The Rural Diaries - Hilarie Burton


“What kind of farm did you grow up on?” Folks always throw that question at me any time they find out about Mischief Farm. Oh you know, the lower-middle-class kind, which grows swing sets and grubby children and is surrounded by a chain-link fence. My childhood was fantastically suburban. Before Mischief Farm, the only farming I had done had been through literary adventuring. Green Gables. Little House on the Prairie. I longed for the landscape of Wuthering Heights. Hell, even Animal Farm held a certain appeal.

Both of my parents had agricultural experience, though. Their stories were fables in our family. My father didn’t wax poetic about his childhood of manual labor. His tales were more cautionary. We never ate lamb, because his family had kept sheep for a while. It scarred him. Then there were the years they dealt in chickens. Equally scarring. Eggs must be scrambled to ultimate tightness, and any meat is to be cooked about four levels past well done. Hell or high water, we were gonna be spared from any barnyard diseases. It was clear that farming was not a pleasurable career path for my father’s family. Just a way to scrape by and keep seven hungry kids fed.

My mother, on the other hand, comes from real-deal farmers in Iowa. Multigenerational corn and soybean and pig farmers with huge tracts of land. The first time I visited my great aunt’s house on the farm in Iowa, I found it exotic. They had a hammock at the edge of a cornfield, and a dozen barn cats skittered around. My three brothers chased the cats against the backdrop of sunset, and I grabbed one of the kittens and settled into the hammock. Looking out on the cornfield, I marveled that this is what they woke up to every day. Even when I was a kid dreaming of being a showbiz dame like Doris Day or Debbie Reynolds or Katharine Hepburn, I held on to this vision of farm life.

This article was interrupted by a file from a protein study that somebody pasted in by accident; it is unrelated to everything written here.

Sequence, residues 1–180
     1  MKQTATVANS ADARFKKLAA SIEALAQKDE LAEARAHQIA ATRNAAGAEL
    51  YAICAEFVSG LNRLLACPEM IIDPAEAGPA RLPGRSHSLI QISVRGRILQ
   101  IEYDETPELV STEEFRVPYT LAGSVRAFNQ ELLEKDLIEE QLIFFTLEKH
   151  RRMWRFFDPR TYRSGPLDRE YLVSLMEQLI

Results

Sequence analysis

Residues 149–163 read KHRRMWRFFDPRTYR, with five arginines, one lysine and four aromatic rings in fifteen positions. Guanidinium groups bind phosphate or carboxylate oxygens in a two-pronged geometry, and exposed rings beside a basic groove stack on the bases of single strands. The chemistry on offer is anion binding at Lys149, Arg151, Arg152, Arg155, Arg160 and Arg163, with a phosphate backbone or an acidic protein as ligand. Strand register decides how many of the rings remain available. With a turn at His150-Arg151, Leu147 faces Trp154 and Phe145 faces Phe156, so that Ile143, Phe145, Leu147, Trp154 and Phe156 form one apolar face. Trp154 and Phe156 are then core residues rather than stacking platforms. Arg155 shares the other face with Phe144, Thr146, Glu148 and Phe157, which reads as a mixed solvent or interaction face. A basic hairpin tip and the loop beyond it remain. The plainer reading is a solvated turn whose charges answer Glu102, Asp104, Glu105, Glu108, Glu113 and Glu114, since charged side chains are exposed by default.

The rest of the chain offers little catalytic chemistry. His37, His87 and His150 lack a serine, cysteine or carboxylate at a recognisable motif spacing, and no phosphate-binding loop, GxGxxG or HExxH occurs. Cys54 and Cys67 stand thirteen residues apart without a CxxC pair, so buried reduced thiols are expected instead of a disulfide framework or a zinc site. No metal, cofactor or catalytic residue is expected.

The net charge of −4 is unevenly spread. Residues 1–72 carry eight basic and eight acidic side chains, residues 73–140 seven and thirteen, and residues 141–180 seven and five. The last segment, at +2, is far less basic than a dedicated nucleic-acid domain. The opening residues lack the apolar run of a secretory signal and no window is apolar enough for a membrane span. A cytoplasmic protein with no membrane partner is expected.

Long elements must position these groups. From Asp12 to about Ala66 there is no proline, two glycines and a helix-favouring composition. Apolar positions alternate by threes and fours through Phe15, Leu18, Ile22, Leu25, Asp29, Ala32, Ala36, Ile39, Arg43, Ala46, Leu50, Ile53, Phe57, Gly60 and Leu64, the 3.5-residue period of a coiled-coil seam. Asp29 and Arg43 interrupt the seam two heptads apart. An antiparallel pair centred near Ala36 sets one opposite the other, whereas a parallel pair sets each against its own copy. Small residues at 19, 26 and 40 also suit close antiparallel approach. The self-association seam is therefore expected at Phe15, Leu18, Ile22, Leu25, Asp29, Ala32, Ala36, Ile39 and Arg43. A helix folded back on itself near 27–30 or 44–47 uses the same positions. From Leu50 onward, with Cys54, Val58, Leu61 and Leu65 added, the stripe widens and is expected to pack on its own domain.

I grew up in the little town of Sterling Park, Virginia, population nine thousand. I kept the pace of the Blue Ridge Mountains. I could hear cows lowing from my high school. It was a pastoral community. And then Amazon opened a huge headquarters in Northern Virginia, right in my little town, and suddenly an influx of two hundred thousand people completely erased the childhood that I had grown up with.

Jeffrey grew up in Kirkland, Washington. Once upon a time it was a tiny waterfront suburb of Seattle. He camped with the Boy Scouts, rode a mean old pony named Brownie at his grandma’s pig farm, and played in the woods and water of the Pacific Northwest. Then, Boeing visited, saw lots of space and a good quality of life, moved in, and erased those things. So with both of our childhood communities swallowed up by big business, he and I never had the luxury of that fairy tale of raising kids in our hometowns.

Randomly, we found a new hometown: Rhinebeck, New York. A place that felt like we’d known it all along. We marveled that a village like this still existed. So we were aware that when you find a community that nurtures you and your family, it isn’t enough to just live in it; you must also nurture and protect that place and all the people who give you respite, solace, joy, and just enough hell to keep life interesting.

So, folks, this is a love letter. To a town. To a farm. To a man.

Part One



Don’t judge each day by the harvest you reap but by the seeds that